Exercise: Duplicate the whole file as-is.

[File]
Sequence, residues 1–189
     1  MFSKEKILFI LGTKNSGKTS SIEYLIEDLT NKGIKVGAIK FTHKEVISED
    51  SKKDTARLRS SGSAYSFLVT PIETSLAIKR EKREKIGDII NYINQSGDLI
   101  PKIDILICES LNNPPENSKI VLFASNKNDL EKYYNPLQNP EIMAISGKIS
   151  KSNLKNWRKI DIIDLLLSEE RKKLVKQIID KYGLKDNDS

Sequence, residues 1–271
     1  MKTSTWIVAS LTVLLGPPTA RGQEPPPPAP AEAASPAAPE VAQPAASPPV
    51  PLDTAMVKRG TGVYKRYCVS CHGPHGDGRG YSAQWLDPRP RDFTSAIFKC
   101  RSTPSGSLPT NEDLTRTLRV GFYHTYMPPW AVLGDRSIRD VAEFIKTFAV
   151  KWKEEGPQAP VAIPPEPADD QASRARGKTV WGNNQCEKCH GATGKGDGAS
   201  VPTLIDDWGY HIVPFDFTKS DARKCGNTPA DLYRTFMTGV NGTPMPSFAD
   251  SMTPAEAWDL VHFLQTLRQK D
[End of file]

Sequence, residues 1–189
     1  MFSKEKILFI LGTKNSGKTS SIEYLIEDLT NKGIKVGAIK FTHKEVISED
    51  SKKDTARLRS SGSAYSFLVT PIETSLAIKR EKREKIGDII NYINQSGDLI
   101  PKIDILICES LNNPPENSKI VLFASNKNDL EKYYNPLQNP EIMAISGKIS
   151  KSNLKNWRKI DIIDLLLSEE RKKLVKQIID KYGLKDNDS

Sequence, residues 1–271
     1  MKTSTWIVAS LTVLLGPPTA RGQEPPPPAP AEAASPAAPE VAQPAASPPV
    51  PLDTAMVKRG TGVYKRYCVS CHGPHGDGRG YSAQWLDPRP RDFTSAIFKC
   101  RSTPSGSLPT NEDLTRTLRV GFYHTYMPPW AVLGDRSIRD VAEFIKTFAV
   151  KWKEEGPQAP VAIPPEPADD QASRARGKTV WGNNQCEKCH GATGKGDGAS
   201  VPTLIDDWGY HIVPFDFTKS DARKCGNTPA DLYRTFMTGV NGTPMPSFAD
   251  SMTPAEAWDL VHFLQTLRQK D